For analysis of “pink” beam TR-SSX images we used the pyPrecognition Python script that finds diffraction patterns containing a specified number of spots above the background threshold level (hits). For spot finding we used parameters from 30/25 to 50/60 depending on the data set (Supplementary Table 1), the first numeral is the number of spots above the minimum intensity and second numeral is the minimum intensity above the background of a spot to be considered a diffraction spot. After initial selection of hits, Laue serial crystallography data were indexed in the Precognition software (Renz Research, Inc.). The indexing of Laue data was based on space group and the cell unit parameter obtained for the 295 K monochromatic SSX L1 MBL structure (PDB entry 7L52). Subsequently, indexed images were checked both automatically and visually to eliminate multiple diffraction patterns. Some images automatically reported as indexed were mis-indexed and rejected from analysis after inspection. These procedures reduced the initial number of indexed images to approximately one third of initial images (Supplementary Table 1). Selected images were further processed, cell parameters were refined, and data were integrated to 2.2–2.4 Å resolution depending on the time-point. Data were scaled and merged in Epinorm software (Renz Research, Inc) with the threshold level of I/σ(I) > 3.0.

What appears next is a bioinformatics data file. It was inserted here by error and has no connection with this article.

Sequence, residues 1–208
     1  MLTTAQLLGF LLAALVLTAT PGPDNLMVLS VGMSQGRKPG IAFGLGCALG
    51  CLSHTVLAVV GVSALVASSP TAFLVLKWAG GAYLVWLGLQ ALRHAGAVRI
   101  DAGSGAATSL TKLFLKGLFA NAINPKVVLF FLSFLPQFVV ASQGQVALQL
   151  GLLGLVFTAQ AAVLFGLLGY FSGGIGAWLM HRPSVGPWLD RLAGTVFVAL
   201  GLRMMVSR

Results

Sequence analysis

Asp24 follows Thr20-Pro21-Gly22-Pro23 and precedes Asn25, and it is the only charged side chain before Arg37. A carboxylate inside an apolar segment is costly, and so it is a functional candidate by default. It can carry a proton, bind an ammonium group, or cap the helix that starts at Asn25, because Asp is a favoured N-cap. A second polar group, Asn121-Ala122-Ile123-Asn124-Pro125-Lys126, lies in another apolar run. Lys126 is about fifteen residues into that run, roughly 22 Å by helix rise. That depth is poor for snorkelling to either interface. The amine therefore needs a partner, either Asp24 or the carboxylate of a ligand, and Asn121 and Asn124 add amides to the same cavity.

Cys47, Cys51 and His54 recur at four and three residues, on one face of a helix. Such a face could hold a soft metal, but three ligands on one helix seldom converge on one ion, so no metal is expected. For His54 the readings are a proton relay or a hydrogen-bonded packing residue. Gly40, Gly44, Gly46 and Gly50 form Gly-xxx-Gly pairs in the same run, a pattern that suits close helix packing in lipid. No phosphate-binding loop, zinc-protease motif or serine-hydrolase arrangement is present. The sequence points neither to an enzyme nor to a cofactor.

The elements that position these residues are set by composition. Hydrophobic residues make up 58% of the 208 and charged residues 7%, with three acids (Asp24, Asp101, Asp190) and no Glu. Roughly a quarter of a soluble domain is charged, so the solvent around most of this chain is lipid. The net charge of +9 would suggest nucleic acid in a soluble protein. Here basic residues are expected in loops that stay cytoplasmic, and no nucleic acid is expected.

SSX and “pink” beam TR-SSX structure determination